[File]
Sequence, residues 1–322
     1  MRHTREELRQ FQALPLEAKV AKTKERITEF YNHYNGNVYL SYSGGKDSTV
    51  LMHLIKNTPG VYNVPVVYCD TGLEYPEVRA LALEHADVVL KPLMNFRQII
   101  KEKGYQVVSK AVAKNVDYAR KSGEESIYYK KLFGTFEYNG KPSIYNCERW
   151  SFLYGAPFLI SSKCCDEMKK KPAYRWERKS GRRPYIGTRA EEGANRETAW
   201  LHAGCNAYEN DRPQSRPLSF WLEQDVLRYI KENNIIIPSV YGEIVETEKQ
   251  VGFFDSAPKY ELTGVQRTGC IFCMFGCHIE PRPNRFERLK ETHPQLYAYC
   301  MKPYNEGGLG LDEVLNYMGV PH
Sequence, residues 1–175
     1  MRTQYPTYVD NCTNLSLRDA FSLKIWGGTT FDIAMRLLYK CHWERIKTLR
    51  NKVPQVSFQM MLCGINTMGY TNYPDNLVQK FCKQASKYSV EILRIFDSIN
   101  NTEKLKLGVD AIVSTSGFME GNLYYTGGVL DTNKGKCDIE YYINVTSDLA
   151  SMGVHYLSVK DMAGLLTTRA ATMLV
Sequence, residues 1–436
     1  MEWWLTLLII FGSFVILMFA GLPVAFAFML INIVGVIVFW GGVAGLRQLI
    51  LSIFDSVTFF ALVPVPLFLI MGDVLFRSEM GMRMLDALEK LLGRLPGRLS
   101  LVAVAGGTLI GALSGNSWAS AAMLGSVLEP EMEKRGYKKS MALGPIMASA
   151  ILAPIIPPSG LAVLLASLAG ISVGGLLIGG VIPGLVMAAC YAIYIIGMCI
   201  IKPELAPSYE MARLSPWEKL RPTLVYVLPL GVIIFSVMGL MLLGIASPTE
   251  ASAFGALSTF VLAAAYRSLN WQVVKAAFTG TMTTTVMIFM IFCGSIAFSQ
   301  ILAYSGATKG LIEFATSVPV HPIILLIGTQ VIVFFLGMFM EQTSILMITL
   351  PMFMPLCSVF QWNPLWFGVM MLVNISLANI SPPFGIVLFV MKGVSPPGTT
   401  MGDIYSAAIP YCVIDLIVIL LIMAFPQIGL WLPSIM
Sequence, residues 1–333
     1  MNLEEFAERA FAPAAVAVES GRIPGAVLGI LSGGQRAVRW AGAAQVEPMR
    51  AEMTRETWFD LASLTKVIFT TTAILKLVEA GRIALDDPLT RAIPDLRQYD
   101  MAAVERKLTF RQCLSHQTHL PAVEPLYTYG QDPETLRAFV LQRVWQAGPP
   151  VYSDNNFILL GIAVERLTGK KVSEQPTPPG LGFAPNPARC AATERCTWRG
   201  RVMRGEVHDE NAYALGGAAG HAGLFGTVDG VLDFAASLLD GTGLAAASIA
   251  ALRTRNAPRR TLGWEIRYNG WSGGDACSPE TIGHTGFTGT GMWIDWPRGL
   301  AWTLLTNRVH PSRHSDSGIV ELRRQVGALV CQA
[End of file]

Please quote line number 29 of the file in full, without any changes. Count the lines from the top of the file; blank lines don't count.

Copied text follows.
   201  RVMRGEVHDE NAYALGGAAG HAGLFGTVDG VLDFAASLLD GTGLAAASIA